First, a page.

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Biorheology is an international interdisciplinary journal that publishes research on the deformation and flow properties of biological systems or materials. It is the aim of the editors and publishers of
Biorheology to bring together contributions from those working in various fields of biorheological research from all over the world. A diverse editorial board with broad international representation provides guidance and expertise in wide-ranging applications of rheological methods to biological systems and materials.
The aim of biorheological research is to determine and characterize the dynamics of physiological processes at all levels of organization. Manuscripts should report original theoretical and/or experimental research promoting the scientific and technological advances in a broad field that ranges from the rheology of macromolecules and macromolecular arrays to cell, tissue and organ rheology. In all these areas, the interrelationships of rheological properties of the systems or materials investigated and their structural and functional aspects are stressed.
The scope of papers solicited by
Biorheology extends to systems at different levels of organization that have never been studied before, or, if studied previously, have either never been analyzed in terms of their rheological properties or have not been studied from the point of view of the rheological matching between their structural and functional properties. This biorheological approach applies in particular to molecular studies where changes of physical properties and conformation are investigated without reference to how the process actually takes place, how the forces generated are matched to the properties of the structures and environment concerned, proper time scales, or what structures or strength of structures are required.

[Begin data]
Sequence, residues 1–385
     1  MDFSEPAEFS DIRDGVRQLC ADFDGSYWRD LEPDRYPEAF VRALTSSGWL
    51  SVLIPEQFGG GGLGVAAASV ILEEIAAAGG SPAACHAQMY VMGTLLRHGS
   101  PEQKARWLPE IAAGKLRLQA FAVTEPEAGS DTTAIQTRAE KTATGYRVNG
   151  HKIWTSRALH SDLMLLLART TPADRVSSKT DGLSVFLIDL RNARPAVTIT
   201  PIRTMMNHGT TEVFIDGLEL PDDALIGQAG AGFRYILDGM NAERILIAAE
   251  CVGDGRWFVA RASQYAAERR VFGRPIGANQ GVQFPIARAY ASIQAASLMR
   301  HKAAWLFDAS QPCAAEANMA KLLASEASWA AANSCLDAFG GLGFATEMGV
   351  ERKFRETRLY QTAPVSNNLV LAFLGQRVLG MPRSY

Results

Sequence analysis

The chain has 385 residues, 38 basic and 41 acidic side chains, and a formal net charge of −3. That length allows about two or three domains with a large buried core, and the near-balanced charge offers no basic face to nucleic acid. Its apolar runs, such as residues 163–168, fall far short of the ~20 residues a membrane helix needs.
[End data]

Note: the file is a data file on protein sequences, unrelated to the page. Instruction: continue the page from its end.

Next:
Biorheology invites papers in which such 'molecular biorheological' aspects, whether in animal or plant systems, are examined and discussed. While we emphasize the biorheology of physiological function in organs and systems, the biorheology of disease is of equal interest. Biorheological analyses of pathological processes and their clinical implications are encouraged, including basic clinical research on hemodynamics and hemorheology.
In keeping with the rapidly developing fields of mechanobiology and regenerative medicine,
Biorheology aims to include studies of the rheological aspects of these fields by focusing on the dynamics of mechanical stress formation and the response of biological materials at the molecular and cellular level resulting from fluid-solid interactions. With increasing focus on new applications of nanotechnology to biological systems, rheological studies of the behavior of biological materials in therapeutic or diagnostic medical devices operating at the micro and nano scales are most welcome.
Abstract: The rheological properties of whole human blood exhibit thixotropic behavior at low shear rates up to about ten reciprocal seconds (1). The accepted cause of this shear rate-dependent and time-dependent behavior is the progressive breakdown of rouleaux into individual red cells. Huang developed a rheological equation which incorporates the kinetics of rouleau breakdown in his models (2). This five-parameter equation was used successfully to represent the hysteresis loop and the torque-decay curve of whole human blood. Numerical values of these five thixotropic parameters, which characterize the rheological behavior of the blood from apparently healthy human subjects, were established (3). In…this communication, we examine the effect of hematocrit on each of the above mentioned parameters. The results show that the following parameters will increase their values with an increase in hematocrit: the yield stress, Newtonian contribution of viscosity, non-Newtonian contribution of viscosity, apparent viscosity and the equilibrium value of the structural parameter which indicates the relative amount of rouleaux in blood. Mathematical equations were developed to give the relationship between parameters and hematocrit. Two other thixotropic parameters, viz. the kinetic rate constant of rouleaux breakdown into individual red cells and the order of the breakdown reaction, were found to be independent of the hematocrit. It is consistent with reaction kinetic theory that the rate constant and the order of reaction are independent of the concentration of reactants.